Traditionally, running the live services at Reuters would have meant operating a satellite-delivered service which goes to hundreds of broadcasters around the world, but in recent years it’s been about running Reuters Live Online – an over-the-internet service that is specifically designed to give easy-to-use live content to digital publishers.
Launched in March 2014, Reuters claims to be the first multiple live service for online publishers. But it won’t be the last, as Tessa Kaday, who runs the desk at Reuters Video News, predicts that “this year we are going to see an explosion of live content online”.
Kaday discussed the basics of how to make live content work online successfully. Reuters had a huge infrastructure to deliver live content from across the world, an existing client base for online and was able to build a product that was easy to use for digital publishers, enabling them to transform their present digital offering of a ‘clunky’ simple stream to a service that delivered more than 6,900 hours of live coverage last year. That’s an average of 18 lives a day. But what they didn’t know was which content would work:
It’s been a matter of trial and error, plenty of error has been involved in that.
That’s partly due to understanding that the most successful stories for broadcasting may not always be the most successful for live content – not every big story is a live story for online clients. For example, Kaday told delegates at news:rewired that the solar eclipse was the most successful live story of last year. Why? The story was simple.
It wasn’t a breaking news story, there were no celebrities involved, this was a very simple, completely expected event and that was really the secret of its success. The trickiest thing about making live content work online is about making sure that people know that it’s there and more importantly making them stay there.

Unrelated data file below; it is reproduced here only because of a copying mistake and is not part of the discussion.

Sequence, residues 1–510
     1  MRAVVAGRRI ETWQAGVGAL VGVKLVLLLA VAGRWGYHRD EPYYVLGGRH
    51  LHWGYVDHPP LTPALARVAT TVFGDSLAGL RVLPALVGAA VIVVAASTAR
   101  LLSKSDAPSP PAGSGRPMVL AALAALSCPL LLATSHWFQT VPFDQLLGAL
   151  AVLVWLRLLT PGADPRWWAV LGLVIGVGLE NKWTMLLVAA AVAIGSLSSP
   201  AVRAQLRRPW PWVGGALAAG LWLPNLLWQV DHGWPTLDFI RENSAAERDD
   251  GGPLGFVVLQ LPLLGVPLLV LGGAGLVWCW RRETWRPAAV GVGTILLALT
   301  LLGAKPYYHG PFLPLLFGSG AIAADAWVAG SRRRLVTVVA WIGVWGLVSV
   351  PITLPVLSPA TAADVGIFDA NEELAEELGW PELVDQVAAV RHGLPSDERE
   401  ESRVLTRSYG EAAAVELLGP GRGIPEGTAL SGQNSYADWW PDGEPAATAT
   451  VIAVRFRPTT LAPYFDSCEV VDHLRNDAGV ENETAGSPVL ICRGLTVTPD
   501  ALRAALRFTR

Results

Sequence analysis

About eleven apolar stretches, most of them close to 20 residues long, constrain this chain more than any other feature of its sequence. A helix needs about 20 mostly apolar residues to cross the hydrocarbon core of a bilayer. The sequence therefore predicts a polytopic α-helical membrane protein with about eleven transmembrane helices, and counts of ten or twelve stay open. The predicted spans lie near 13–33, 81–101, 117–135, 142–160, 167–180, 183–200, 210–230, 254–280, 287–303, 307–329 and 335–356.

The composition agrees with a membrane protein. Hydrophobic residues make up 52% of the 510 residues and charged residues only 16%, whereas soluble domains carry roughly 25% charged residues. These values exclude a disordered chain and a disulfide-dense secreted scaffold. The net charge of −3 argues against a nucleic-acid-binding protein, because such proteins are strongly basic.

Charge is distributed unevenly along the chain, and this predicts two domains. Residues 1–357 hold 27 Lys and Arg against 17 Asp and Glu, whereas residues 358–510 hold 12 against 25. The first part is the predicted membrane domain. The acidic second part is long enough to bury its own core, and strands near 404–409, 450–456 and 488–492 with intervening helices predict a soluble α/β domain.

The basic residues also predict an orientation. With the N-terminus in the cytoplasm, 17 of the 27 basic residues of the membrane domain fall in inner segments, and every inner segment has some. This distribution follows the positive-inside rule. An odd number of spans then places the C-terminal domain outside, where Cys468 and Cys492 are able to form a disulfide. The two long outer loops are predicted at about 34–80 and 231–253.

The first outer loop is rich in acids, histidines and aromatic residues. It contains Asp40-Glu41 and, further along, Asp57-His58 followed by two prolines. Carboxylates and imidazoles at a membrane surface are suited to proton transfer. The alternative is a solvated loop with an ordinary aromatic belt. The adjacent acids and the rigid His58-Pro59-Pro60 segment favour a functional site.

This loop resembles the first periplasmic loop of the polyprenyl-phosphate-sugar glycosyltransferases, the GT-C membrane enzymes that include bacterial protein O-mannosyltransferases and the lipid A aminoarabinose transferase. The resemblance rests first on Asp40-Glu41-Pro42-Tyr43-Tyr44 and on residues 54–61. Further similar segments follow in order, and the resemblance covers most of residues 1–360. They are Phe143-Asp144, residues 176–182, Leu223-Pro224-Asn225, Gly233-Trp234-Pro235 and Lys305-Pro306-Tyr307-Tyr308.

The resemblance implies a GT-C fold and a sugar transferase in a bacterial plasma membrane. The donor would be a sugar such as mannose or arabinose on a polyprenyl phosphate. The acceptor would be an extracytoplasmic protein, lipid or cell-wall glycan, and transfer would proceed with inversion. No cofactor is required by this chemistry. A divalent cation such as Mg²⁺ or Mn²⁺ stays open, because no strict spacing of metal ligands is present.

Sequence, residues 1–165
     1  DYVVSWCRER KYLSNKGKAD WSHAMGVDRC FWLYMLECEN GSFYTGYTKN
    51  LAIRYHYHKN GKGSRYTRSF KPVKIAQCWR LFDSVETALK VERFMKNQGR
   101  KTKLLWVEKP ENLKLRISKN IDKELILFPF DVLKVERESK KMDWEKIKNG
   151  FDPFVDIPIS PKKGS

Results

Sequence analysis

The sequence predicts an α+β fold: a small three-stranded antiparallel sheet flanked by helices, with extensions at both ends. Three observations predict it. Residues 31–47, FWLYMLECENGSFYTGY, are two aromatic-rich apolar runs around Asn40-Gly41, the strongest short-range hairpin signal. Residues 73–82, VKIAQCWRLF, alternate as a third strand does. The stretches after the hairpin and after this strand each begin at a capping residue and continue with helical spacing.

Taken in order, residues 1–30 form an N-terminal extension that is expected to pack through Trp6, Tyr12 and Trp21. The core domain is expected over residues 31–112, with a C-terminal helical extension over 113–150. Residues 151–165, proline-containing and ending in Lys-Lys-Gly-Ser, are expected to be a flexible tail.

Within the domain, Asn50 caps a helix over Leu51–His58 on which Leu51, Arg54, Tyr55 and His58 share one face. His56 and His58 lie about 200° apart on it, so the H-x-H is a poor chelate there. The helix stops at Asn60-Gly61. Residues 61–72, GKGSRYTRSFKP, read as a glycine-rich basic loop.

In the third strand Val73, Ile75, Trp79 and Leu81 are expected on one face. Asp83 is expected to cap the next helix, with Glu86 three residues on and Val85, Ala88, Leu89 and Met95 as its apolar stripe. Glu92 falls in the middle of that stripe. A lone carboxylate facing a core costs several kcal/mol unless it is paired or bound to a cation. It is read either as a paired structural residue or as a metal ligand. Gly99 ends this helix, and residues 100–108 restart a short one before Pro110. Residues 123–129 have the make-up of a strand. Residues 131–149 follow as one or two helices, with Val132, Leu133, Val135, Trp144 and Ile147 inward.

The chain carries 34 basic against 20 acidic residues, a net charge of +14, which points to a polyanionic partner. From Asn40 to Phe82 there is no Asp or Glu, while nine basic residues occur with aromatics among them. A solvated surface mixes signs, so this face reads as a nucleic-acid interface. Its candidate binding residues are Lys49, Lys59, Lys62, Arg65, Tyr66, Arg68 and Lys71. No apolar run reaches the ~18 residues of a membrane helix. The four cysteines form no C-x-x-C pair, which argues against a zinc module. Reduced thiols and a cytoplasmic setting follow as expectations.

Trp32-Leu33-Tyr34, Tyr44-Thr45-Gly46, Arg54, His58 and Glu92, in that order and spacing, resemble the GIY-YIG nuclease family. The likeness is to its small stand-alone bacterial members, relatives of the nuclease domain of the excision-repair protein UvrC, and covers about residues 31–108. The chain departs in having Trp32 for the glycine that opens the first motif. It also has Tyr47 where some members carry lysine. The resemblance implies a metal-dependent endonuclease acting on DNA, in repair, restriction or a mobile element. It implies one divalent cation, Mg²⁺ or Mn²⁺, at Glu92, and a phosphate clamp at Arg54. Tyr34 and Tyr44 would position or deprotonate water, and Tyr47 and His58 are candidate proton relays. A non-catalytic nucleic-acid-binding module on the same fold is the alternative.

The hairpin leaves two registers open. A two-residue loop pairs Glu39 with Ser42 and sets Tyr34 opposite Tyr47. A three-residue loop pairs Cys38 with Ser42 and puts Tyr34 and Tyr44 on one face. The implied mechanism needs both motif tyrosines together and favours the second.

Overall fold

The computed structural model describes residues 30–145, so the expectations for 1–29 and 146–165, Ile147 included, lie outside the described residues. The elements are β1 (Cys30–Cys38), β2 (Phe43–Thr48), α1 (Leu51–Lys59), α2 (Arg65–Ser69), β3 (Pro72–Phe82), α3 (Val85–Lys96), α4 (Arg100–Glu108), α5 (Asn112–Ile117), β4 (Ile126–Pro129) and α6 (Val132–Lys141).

This was an expected event allowing Reuters Live Online to throw all of their resources into creating a strong live signal, planning six lives from six different locations. This made it the ultimate live event as it could only be truly appreciated as it happened.
Kaday’s advice is to recognise these set piece events before they come up and build live content around it. Promoting that content ahead of time and planning is key, as well as putting it front and centre of your coverage.
But for content that cannot be planned ahead, reliability is essential:
Back in the days we used to think that online content was sort of less serious than broadcast content – people wouldn’t mind if it was bad quality or fell over occasionally, that’s a complete lie. If anything our online consumer are fussier and more likely to switch off if you fail them.
She added that you can break the ‘rules’:
A lot of these rules that you think about social video – about being the shorter the better – is quite the opposite for live. You want to be up, you want to stay up and engage people. Just because you can do something live and it’s the biggest story of the day, if it’s not engaging, developing and evolving they won’t watch it. Don’t fall into the trap of broadcasting rules.
Ask what the live is adding, she said, and “know your audience”. Live content comes down to three things: get people to start watching, get people to keep watching and never stop experimenting.
This is going to be the year that live video really takes off online and I don’t think any of us are going to know what direction that’s going to go in. The important thing will be to keep experimenting and keep trying things out.